The Lakers show they're for real
With their victory over the Suns on Christmas, the Lakers showed everyone they're for real.
LOS ANGELES --- At this rate it won't be long before the Lakers will have a rivalry with the Phoenix Suns.
We can't say that yet, at least not if we adhere to the regulations once set forth by Kobe Bryant. After the Lakers beat the Sacramento Kings in that draining 2002 Western Conference finals, I asked Bryant if the Kings were the Lakers' biggest rivals. He said I couldn't use that word. "They've got to beat us in the playoffs first," Bryant said. "C'mon, you know the rules."
So maybe the Lakers' 122-115 victory over the Suns at Staples Center on Christmas Day didn't change the terminology, and maybe Suns coach Mike D'Antoni could afford to say, "This doesn't bother me," seeing how it came in the regular season.
But after the Suns bounced the Lakers from the playoffs the past two seasons, the Lakers finally look ready to take a seven-game series from them for the first time since Steve Nash arrived in Phoenix.
That's one revelation from this game. The other is that Phil Jackson looks incredibly goofy in a red bow tie. Hopefully it will be banished to the bottom of a dresser drawer.
We have a solid foundation. We really do. We have length, we have speed, we have quickness, we have shot-blocking. We have guys that can steal the ball. We have playmakers. It's looking very solid.
--Kobe Bryant talks about his L.A. Lakers
But what's likely to make another appearance come playoff time is Andrew Bynum. If he's going to put up numbers like this -- a career-high 28 points, 12 rebounds, four assists and two blocked shots -- he gives the Lakers the perfect weapon to go at the Suns' size weakness. "He's a handful," Suns forward Shawn Marion said. "They've got a legitimate big man."
Phil Jackson and Bryant did their best to provide the disclaimers. They remember how the Lakers stumbled to a 42-40 record after being 13 games above .500 at one point last season, and they haven't forgotten Bynum's fade after a promising start last year.
"We just want to maintain what we are about," Jackson said. "Every game, come out and play that kind of game, show consistency. At the end of the year, if [Bynum] is the MVP, then we'll say what a great year he's had."
With Bynum in the frontcourt along with Lamar Odom (who pounds the Suns on the boards and had 14 more rebounds Tuesday), the Lakers forced the Suns to go with a big lineup of Amare Stoudemire, Brian Skinner, Boris Diaw and Marion for a long stretch in the fourth quarter. That kept one of Phoenix's top 3-point shooters (and primary Kobe defender), Raja Bell, on the bench.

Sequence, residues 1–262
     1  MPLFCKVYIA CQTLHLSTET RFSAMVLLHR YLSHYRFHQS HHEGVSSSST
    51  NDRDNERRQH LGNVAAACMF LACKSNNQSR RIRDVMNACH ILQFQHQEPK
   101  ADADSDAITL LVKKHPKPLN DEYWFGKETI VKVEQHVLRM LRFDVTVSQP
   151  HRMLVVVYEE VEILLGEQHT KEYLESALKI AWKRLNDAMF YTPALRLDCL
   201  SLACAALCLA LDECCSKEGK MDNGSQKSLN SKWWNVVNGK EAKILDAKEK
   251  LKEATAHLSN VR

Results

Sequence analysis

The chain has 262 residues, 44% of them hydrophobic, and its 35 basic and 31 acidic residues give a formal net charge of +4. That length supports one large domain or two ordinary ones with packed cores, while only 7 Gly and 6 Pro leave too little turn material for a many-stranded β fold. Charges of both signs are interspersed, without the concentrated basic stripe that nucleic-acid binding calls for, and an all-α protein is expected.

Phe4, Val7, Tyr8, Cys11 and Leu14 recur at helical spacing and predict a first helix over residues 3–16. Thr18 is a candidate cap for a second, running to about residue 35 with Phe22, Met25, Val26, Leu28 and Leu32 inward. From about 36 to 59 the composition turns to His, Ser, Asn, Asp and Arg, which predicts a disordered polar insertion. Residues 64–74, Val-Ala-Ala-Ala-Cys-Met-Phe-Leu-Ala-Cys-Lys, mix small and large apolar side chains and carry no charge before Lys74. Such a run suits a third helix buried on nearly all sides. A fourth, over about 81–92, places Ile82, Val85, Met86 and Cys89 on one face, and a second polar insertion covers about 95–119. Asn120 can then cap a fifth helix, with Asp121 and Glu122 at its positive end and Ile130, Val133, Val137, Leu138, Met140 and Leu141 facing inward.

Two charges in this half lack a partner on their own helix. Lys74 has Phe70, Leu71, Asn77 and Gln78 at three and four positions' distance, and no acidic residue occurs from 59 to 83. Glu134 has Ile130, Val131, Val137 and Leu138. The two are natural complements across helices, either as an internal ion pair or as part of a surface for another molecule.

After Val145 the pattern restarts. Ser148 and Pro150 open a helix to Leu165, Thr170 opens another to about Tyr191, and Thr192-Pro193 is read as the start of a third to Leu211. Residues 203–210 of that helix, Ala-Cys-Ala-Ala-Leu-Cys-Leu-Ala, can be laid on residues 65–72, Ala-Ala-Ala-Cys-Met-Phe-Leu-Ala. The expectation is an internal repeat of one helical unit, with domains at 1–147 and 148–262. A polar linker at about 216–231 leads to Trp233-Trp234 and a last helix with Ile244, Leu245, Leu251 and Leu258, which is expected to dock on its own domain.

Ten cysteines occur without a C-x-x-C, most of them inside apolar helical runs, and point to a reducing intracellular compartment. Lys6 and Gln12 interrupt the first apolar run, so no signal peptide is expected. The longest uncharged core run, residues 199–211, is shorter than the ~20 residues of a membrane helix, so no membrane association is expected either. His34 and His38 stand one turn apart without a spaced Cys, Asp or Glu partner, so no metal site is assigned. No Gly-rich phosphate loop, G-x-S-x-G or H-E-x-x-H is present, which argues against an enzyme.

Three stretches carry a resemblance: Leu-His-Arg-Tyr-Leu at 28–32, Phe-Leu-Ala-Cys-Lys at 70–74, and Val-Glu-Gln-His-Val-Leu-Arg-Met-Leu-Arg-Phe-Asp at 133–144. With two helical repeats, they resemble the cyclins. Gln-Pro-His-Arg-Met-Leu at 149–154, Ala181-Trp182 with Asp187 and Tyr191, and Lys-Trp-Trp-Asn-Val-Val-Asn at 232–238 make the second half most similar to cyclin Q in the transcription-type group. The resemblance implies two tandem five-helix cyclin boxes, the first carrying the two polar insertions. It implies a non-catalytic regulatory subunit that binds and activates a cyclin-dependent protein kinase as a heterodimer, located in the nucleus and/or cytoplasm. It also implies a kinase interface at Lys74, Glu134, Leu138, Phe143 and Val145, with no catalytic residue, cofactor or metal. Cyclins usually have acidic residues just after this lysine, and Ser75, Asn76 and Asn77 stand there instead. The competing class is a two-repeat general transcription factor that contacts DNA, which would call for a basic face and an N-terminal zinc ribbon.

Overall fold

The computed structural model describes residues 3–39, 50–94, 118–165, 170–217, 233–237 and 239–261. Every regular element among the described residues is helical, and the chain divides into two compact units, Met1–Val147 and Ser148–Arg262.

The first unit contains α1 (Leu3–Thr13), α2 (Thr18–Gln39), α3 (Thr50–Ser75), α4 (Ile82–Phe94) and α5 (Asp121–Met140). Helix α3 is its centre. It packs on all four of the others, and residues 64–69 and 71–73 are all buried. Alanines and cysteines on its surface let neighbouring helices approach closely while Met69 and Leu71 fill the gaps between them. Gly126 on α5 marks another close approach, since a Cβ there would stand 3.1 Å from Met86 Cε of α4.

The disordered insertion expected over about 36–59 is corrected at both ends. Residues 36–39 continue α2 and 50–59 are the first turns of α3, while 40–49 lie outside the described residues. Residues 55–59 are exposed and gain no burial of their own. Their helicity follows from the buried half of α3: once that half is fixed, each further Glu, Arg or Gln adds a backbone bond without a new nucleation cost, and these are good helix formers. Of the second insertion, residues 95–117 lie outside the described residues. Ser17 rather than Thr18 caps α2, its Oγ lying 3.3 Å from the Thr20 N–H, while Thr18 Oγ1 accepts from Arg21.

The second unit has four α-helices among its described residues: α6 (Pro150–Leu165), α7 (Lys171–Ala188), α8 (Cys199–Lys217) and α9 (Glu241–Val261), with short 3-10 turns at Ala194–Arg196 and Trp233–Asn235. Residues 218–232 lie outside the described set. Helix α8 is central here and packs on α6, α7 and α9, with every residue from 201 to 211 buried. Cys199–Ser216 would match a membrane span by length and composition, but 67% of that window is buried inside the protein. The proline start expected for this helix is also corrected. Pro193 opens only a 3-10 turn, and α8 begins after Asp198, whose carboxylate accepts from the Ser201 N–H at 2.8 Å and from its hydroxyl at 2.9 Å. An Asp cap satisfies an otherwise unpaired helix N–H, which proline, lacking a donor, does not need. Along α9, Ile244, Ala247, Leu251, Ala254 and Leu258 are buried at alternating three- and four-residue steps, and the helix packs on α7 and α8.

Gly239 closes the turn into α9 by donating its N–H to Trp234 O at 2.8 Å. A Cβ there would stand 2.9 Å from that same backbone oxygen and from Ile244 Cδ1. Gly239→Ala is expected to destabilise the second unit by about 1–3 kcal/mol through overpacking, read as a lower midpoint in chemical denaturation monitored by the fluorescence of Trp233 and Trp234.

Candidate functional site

The other thing that's changed from past Lakers-Suns games is Phoenix's domination at the point guard position. To paraphrase Rose Royce, Smush don't live here anymore. Sure, Nash still gets the check in the matchup box, but with the return of Derek Fisher and the improvement of Jordan Farmar, the difference isn't as pronounced as it used to be. Last season, Nash outscored Parker by an average of 22 to nine. In two games so far this season -- both won by the Lakers -- Fisher has the difference down to a respectable 22 to 17.
Bynum also exposed Stoudemire's slow defensive rotations and reluctance to box out. And Bynum and Fisher negate the arrival of Grant Hill -- especially after new Lakers acquisition Trevor Ariza helped limit Hill to only two second-half points. (How about Ariza, making the most of his first Lakers start and 33 minutes to get 14 points, seven rebounds and the highlight of the game: throwing down a dunk over a planted Hill the way Kobe did to Nash a couple of years ago).
Ariza's athleticism, Bynum's height, Fisher's vet presence ... what are we leaving out? Oh yeah, Kobe. He was the superior superstar in the end, outperforming Nash and taking over the fourth quarter, when he scored 12 of his 38 points.
You still won't get him to gush about this team. At one point he nearly apologized for his basic, "Belichicky" answers that sounded a lot like the hooded coach. But Kobelichick did allow this: "We have a solid foundation. We really do. We have length, we have speed, we have quickness, we have shot-blocking. We have guys that can steal the ball. We have playmakers. It's looking very solid."
It's looking like a team that can compete with the Suns, whom they trail by only one game in the Pacific Division and shouldn't fear if they meet in the postseason. D'Antoni didn't sound panicky. "I think we're pretty good," he said. "Last time I checked we were one or two games off the lead in the West." Notice that, unlike the testy exchange at the end of their last meeting, he didn't talk about busting the Lakers in the playoffs.
J.A. Adande is the author of "The Best Los Angeles Sports Arguments." He joined ESPN.com as an NBA columnist in August 2007 after 10 years with the Los Angeles Times. Click here to e-mail J.A.
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